Red World Seasons
Long is the winter of the world; long is the great discontent. Short is the springtime when mortals dance; short is the season when they die. My eyes see have seen longer winters and long hot burning summers too.
—attributed to Minu.
On the surface of the planet, there are actually seasons. That is, there appear to be differences in average daily temperature in a region over the course of a period of time in a predictable and understandable cycle. Generally, these localized seasons are thought to be caused by deflection from a perfect rotation which causes different “faces” of the planet to receive different amounts of sunlight over the course of the year. Thus, there are both brighter and darker periods over the course of a given period of time, and some estimates by Mourning’s inhabitants categorize the periods of these short cycles in the three to four gross (that is, 300-400 12 , or 432-576 10) day ranges. The accuracy of these measurements is hard to confirm.
Even beyond the solar year, however, the planet of [red-planet] exhibits a second sort of seasonal behavior, although only the longest-lived percentage (call it .1%, even) of mortals live long enough to give notice. This is the long-winter and long-summer seasonality. It keeps on track with a planet’s natural deflected solar year, but, due to the elliptical and precessionary forces at work on the planet. This cycle has been estimated to be 20000 12 (41472 10 ) solar years long.
Where you start in the measurement of a cycle determines the order of the seasons, but basically the planet experiences a long summer—much of the planet’s surface is overgrown with inhospitable and hot desert, a medium autumn—in which the desert gives way to a cooler but little wetter barren wasteland period, a long winter in which freezing to death on the snow-less surface is possible, and a medium spring—during which life flourishes temporarily as what water was frozen is quickly released back into the climate.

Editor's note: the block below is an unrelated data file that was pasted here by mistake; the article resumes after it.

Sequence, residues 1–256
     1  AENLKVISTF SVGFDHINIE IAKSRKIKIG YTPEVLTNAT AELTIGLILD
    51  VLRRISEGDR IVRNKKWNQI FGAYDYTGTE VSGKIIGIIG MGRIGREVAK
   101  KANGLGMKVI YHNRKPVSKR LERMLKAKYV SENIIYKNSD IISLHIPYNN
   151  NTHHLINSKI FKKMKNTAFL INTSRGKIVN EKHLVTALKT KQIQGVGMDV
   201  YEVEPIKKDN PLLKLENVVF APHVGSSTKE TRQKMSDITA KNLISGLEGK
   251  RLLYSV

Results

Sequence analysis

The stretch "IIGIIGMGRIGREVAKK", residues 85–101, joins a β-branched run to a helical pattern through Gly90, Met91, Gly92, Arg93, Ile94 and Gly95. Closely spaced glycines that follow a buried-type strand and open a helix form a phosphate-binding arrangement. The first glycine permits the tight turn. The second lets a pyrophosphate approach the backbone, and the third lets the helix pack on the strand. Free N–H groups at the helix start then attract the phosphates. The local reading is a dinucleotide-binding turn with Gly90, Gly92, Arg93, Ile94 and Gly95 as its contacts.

In the upper Caverns, the broad climateological effects of the surface are frequently overshadowed by deeper rumblings. But that isn’t to say that cavernous passages and forests aren’t seasonally different. On a reasonably consistent but not externally referenced cycle, all of the numerous great mushrooms of the Goblin forest enter their most spore-happy phase, when there is not a square yard of forest that isn’t a little bit damp with the free-floating spores. In this very season, a whole crop of other fungi spring to life on the forest’s floor. Feeding on decaying great mushroom spores, these fungi are themselves easy picking for even the smallest sentient, and so both Goblins and Dragonkin have their highest level of reproduction at this time.
In the Dwarven cities, the slight variations in the length and intensity of ground-light bias the agricultural seasons, during which there is greater and longer work for the community, to certain specific times. Thus, Dwarf society tends to organize its time along an agriculturalist calendar. Clan leaders are most frequently elevated or entertained during the months when fewer Dwarves tend fields by “day”.
On the Vulcan Rim, volcanic rather than solar forces are responsible for variations in activity and temperatures. Without a great regard to anything external, the Vulcan chambers of the rim ebb and swell accumulating temperature and mass. These periods tend to see more active days for animals. Troglodytes and their kin are prominently shaped by these variations in their daily conduct, but due to the unforeseeable nature of the changes in volcanic activity within the rim, Troglodytes are unlikely to keep anything close to a regular calendar.